This Annoying Texting Habit May Be Ruining Your Relationships

Angry woman using cellphone outdoors.

You know that obnoxious habit of waiting hours ― sometimes days on end ― to reply to a text? 

There’s a name for that: cricketing — when you read a text but don’t reply for way too long or not at all. Instead of getting a response, the poor person you’re communicating with waits and waits and waits to hear back from you. Cue the crickets.

The term came to prominence earlier this year when the dating website Plenty of Fish included it on a list of dating behaviors modern singles deal with regularly. 

The site described in the context of romantic interactions, but it could just as easily be applied to communication with anyone — for example, if your mother-in-law asks whether you’re going to a barbecue on Sunday and you brush the text aside, only to realize on Sunday that you forgot to reply. 

Still, there is something particularly unpleasant about experiencing it from someone you’re in love with, said Kurt Smith, a therapist who specializes in counseling men. 

“Weekly I hear partners complain about communication problems in their relationships connected to texting. It’s usually either that their partner is ‘blowing up my phone’ or ‘I don’t get a response,’” he said. “I see both sexes equally guilty of misusing texting and just as likely to use passive-aggressive behavior like cricketing.”

Parents and older texters tend to be more prone to cricketing, said Diane Gottsman, an etiquette expert and the author of Modern Etiquette for a Better Life: Master All Social and Business Exchanges. 

“I recently had a client who told me that her parents were the worst cricketers,” she told HuffPost. “She said she could be having a smooth exchange with them but as soon as she asked if they were still OK with babysitting the kids for the weekend or with giving her a ride to pick up her car from being serviced, she’d get nothing but crickets.”

The woman’s parents assured her that the silence wasn’t intentional, but the damage was done.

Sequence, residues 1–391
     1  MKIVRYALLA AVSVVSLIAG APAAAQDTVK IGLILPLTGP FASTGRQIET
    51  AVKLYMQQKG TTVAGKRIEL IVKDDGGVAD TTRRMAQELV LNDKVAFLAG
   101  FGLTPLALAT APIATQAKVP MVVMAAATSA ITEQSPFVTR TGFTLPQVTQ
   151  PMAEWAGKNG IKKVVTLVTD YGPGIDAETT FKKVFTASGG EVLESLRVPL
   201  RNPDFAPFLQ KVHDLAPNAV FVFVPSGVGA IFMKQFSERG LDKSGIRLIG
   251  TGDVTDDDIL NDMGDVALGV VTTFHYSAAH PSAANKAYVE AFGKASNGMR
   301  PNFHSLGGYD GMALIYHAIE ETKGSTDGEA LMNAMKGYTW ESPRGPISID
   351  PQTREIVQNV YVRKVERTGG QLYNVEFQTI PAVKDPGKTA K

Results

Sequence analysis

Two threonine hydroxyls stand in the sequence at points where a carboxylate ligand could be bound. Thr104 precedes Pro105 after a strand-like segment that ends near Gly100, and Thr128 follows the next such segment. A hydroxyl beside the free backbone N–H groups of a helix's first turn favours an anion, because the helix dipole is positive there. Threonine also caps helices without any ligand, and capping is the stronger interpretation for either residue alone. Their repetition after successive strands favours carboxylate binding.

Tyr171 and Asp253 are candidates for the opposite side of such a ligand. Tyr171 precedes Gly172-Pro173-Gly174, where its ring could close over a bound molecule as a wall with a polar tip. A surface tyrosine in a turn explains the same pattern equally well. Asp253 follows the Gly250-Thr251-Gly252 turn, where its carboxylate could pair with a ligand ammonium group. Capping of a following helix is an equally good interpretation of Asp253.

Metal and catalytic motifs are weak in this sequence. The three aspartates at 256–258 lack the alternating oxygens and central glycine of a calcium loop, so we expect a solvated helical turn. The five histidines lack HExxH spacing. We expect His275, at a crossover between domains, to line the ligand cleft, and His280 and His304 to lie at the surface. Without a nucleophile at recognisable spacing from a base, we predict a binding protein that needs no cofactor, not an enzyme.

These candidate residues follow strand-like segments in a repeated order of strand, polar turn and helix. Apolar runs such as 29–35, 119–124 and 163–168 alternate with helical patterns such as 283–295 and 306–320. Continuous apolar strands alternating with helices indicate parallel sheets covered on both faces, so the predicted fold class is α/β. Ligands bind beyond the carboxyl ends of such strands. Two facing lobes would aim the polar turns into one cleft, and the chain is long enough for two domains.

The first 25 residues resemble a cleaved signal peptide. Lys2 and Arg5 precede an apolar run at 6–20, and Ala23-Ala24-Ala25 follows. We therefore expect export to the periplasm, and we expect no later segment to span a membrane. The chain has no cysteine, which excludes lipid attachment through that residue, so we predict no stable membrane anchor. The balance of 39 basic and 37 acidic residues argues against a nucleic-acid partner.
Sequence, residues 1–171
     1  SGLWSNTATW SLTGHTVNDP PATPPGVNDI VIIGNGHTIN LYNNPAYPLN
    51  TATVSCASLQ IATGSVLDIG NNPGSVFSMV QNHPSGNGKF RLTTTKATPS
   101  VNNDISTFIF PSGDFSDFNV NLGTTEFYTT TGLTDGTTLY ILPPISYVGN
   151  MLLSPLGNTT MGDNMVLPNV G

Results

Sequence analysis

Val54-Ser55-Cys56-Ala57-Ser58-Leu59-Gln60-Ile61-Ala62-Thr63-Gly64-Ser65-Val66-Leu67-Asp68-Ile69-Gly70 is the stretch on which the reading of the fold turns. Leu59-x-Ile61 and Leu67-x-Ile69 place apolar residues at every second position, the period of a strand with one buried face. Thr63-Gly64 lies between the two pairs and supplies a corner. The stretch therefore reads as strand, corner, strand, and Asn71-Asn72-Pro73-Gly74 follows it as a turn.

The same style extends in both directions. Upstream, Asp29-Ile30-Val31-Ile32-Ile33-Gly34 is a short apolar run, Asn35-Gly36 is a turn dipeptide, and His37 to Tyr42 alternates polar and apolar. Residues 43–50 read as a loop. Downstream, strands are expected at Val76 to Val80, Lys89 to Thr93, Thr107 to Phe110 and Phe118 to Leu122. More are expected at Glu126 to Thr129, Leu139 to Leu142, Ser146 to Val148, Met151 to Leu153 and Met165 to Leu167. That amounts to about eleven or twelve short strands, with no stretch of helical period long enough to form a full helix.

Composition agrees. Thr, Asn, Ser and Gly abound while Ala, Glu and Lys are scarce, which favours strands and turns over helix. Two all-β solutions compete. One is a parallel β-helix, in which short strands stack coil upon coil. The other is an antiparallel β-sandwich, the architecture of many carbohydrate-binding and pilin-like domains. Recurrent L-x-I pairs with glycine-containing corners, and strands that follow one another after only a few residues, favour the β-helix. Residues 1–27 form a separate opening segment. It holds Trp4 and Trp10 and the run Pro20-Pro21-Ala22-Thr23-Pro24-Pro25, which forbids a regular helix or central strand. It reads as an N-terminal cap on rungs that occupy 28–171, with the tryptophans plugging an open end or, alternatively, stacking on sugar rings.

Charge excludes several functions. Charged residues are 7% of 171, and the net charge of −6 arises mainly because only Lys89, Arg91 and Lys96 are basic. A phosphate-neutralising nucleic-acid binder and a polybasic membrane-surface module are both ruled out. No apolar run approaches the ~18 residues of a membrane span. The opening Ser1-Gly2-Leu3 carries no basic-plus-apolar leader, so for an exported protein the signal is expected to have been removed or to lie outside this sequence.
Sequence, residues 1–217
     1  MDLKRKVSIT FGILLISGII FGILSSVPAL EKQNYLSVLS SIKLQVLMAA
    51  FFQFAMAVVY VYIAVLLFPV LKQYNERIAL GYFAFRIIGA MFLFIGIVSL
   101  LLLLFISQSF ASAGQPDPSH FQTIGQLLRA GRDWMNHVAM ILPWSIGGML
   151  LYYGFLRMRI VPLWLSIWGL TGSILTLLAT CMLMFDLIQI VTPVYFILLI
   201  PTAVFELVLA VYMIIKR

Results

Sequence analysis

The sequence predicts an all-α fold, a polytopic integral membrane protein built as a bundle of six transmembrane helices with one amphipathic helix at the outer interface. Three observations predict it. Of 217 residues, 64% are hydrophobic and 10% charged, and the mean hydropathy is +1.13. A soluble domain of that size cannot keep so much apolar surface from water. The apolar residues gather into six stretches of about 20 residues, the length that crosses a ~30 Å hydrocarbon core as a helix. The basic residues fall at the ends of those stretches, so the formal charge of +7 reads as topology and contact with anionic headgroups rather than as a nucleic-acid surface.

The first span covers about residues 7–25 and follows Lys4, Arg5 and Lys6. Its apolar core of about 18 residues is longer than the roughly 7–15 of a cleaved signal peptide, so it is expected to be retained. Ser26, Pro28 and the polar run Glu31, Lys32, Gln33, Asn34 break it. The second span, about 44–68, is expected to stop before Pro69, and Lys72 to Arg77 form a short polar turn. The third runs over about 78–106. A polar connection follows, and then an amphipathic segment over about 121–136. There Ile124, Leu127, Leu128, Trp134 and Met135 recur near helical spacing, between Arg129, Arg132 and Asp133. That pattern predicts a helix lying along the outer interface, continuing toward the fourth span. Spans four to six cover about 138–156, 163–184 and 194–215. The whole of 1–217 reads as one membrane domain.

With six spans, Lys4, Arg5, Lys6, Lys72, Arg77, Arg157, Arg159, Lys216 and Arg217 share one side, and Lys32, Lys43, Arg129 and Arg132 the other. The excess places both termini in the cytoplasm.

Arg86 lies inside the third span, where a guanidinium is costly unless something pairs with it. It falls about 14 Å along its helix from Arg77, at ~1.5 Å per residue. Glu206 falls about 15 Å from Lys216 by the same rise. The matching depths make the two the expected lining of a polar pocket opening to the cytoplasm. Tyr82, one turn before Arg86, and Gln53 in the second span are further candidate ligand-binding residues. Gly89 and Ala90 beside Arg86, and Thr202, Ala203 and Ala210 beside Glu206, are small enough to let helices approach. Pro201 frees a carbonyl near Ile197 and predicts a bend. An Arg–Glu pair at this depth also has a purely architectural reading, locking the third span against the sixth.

“Her immediate assumption was that they just didn’t want to help her,” Gottsman said. “That reaction is enough to leave a person feeling hurt.”

Of course, cricketing is even more irksome if you’re messaging with people who have their read receipts on. The message there? “Yes, I saw your message, and yes, you’re being ignored.”

In the grand scheme of things, getting worked up over a text ― or a lack thereof ― may seem like a petty grievance, but collectively, cricketing can be hard to shake. It’s the implicit disrespect of your time that hurts the most, Smith said. 

“Being ignored is not only disrespectful, but it’s also unloving,” Smith said. “We don’t expect to be treated this way by those we care about, so it’s all the more exasperating.” 

So how do you rectify your ways if you’re a serial cricketer? For starters, if you can’t respond in full, let people know you intend to get back to them as soon as you have a free moment, said Carin Goldstein, a couples therapist in Sherman Oaks, California. 

“Take 10 seconds and write the person something like, ‘I will definitely get back to you in the next day or so ― just so swamped today,’” she said. “The key is to say something that shows that the other person deserves to be acknowledged just as much as you.” 

Smith recommends making it a habit to reply to every last text the same day, if not within the first few hours.

If that’s still too much to ask, tell your friends and family you’re an old-school communicator and prefer to chat about meatier subjects verbally.

“If the topic is more than you’re ready to discuss in text in detail, then just acknowledge that you received the message and need some time to think about how you want to respond,” he said. “It’s as easy as that.”

CORRECTION: A previous version of this story misstated the title of Gottsman’s book.

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